There was a gout of fire and a puff of smoke. When it cleared, there was a horrendous figure of a demon. "Who calls Demon Ize?"
"I do," Son said. "I shall not let you make a slave of this woman's lovely little sister."
"Lovely sister?" the demon asked. "I thought it was a vastly older brother."
"No, that was a clerical error. Raven has no brother, only a sister."
"Hm. What does she look like?"
"Here is her picture," Raven said, holding it forth.
D. Ize peered at it. "That could be airbrushed. She's probably really ugly.
"She is not! Here, I'll conjure her in person, and prove it."
"You can conjure?" Son asked, surprised.
"It's one of the pieces of talents I have saved in my bottle," Raven explained. She brought out her bottle and popped the cork. "Sister Robin, come here," she intoned.
A bird with a red breast flew in. It landed on the floor and became a beautiful young woman. "Yes, sister dear?"
"Demon Ize here thinks you're ugly," Raven said.
"Really?" Robin turned to the demon, inhaling.
"Not really," Ize said quickly. "You are truly lovely."
"And he plans to make you his slave," Raven continued sourly.
"Really!" Robin said, frowning. "Does that mean I won't be able to look for a nice man to marry who will have the talent of changing form and flying with me?"
"I can do that!" Ize cried, changing into a green jay. "Suddenly I don't want to enslave you, to my surprise; I want to marry you, you lovely creature," the bird said.
"Gee-that's nice." Robin changed into her bird form, and the two of them flew away.
"Well, I guess that solved your problem," Son said. "And King Dolph's problem. Let's go back to Castle Roogna so I can gain my recognition as a Magician."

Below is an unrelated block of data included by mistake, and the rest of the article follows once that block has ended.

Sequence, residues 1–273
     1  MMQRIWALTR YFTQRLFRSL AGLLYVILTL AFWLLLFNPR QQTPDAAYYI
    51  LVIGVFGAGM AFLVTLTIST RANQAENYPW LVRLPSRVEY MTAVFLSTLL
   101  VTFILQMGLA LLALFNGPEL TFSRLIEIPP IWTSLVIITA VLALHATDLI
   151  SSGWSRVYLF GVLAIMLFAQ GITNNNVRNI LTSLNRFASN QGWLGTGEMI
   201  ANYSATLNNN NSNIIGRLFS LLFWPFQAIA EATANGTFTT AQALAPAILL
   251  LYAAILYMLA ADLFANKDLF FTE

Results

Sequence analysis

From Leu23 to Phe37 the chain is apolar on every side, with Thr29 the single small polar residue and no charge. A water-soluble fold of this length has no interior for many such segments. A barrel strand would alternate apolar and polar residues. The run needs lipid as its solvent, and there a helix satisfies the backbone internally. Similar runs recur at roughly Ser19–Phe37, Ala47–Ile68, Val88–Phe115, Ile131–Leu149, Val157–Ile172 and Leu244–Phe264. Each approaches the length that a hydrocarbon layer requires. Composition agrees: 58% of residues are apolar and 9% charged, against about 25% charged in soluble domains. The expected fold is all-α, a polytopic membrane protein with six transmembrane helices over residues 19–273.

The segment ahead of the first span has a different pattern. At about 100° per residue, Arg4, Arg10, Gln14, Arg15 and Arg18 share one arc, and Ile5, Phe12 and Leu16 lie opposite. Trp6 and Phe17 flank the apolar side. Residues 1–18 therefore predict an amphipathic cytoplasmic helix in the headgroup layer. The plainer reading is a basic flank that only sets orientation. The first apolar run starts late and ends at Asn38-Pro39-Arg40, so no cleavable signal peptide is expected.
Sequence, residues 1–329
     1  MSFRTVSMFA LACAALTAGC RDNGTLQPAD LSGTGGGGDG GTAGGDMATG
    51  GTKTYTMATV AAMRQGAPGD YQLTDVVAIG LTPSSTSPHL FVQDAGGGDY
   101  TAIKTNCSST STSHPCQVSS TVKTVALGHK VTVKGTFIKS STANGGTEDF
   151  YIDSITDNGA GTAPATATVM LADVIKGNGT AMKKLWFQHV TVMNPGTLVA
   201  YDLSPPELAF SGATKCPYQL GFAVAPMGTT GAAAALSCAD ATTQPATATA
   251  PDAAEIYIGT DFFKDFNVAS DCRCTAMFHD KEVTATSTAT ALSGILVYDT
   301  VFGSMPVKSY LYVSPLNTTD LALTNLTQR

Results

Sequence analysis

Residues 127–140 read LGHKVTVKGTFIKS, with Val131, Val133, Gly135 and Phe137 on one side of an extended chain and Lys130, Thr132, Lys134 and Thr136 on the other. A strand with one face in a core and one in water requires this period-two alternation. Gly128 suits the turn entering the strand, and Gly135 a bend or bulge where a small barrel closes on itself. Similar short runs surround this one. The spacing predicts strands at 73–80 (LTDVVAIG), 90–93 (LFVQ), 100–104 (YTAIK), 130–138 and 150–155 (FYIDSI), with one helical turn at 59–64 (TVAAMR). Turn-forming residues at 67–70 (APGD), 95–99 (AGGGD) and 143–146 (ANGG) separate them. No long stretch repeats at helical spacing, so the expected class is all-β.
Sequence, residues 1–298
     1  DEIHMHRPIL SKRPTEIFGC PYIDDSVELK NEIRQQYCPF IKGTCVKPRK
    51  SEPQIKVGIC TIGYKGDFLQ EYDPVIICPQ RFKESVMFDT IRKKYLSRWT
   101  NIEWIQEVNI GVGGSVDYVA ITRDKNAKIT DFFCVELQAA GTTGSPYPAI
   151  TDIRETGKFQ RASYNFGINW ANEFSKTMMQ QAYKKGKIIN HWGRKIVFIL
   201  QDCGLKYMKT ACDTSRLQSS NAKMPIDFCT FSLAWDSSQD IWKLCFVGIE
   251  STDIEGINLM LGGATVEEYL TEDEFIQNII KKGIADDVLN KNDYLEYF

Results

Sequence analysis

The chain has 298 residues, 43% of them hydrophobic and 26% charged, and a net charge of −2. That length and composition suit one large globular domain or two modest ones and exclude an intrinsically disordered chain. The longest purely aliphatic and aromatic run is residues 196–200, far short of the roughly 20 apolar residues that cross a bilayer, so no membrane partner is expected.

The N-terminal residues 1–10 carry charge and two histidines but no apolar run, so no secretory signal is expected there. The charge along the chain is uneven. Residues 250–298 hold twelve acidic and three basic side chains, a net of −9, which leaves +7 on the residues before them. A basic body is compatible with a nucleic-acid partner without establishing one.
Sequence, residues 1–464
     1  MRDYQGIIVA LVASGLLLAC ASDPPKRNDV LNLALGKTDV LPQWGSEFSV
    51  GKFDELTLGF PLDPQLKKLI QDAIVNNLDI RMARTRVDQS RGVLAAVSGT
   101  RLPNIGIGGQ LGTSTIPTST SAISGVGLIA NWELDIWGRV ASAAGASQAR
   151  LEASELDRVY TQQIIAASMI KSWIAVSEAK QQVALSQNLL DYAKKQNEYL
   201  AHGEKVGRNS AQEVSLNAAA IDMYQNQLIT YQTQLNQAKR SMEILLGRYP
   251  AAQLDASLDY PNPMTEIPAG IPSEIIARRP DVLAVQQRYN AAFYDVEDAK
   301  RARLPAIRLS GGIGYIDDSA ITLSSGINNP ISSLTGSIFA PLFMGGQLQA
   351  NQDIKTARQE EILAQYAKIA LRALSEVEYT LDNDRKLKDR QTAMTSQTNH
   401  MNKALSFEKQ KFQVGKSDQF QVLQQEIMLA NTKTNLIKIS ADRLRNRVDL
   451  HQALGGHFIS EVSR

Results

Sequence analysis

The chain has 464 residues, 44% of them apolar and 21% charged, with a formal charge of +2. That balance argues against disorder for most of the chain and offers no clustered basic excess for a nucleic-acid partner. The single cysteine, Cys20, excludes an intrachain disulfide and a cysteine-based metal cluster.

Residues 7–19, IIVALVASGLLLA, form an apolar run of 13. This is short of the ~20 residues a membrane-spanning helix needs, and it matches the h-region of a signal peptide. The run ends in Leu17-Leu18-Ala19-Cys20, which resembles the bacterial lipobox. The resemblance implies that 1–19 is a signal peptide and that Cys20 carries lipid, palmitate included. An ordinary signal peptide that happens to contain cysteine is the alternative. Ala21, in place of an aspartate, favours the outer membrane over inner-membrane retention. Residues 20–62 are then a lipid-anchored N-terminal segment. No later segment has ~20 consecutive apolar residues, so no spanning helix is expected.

"You changed Ize's mind?" Raven asked, impressed.
"Yes. It really wasn't difficult, when he saw how pretty she is. I hope you don't mind having a demon in the family."
"Well, it does seem better than the alternative. And it does seem like a Magician caliber talent. Let's go to Castle Roogna."
They linked arms and walked off stage.
"That works for me," the Director said. "Be here tomorrow for the official production." The members of the cast scattered, and the two actresses went to join their husbands. Meanwhile the Director's roving eye fell on Forrest. "What are you waiting for, Faun? Go on in to see the Good Magician." And a door opened beyond the stage.
Forrest and Imbri walked up to the door and through it. "You figured it out," Imbri said admiringly. "You're a pretty smart faun."
"No, I just caught on to how these Challenges work. In real life I probably would have flubbed it." But he was pleased with her appreciation.
An old, dull woman approached them in the next chamber. a.s.sorted socks were tucked in her ap.r.o.n pockets. "So you repaired my play!" she said.
"Thank you. I am Sofia Socksorter, Designated Wife of the moment."
"Uh, yes," Forrest said. "We came to-"
"Of course. Himself will see you now. Just follow the trail of socks."
They followed the trail of socks. "He always had trouble keeping track of his socks," Imbri murmured. "That's why he married Mundania's best sock sorter. But even she can't keep up on a bad day."
"So I see-and smell."
The trail led up to the Good Magician's cramped study. There was Humfrey, as before, hunched over his monstrous tome. "Uh-" Forrest began.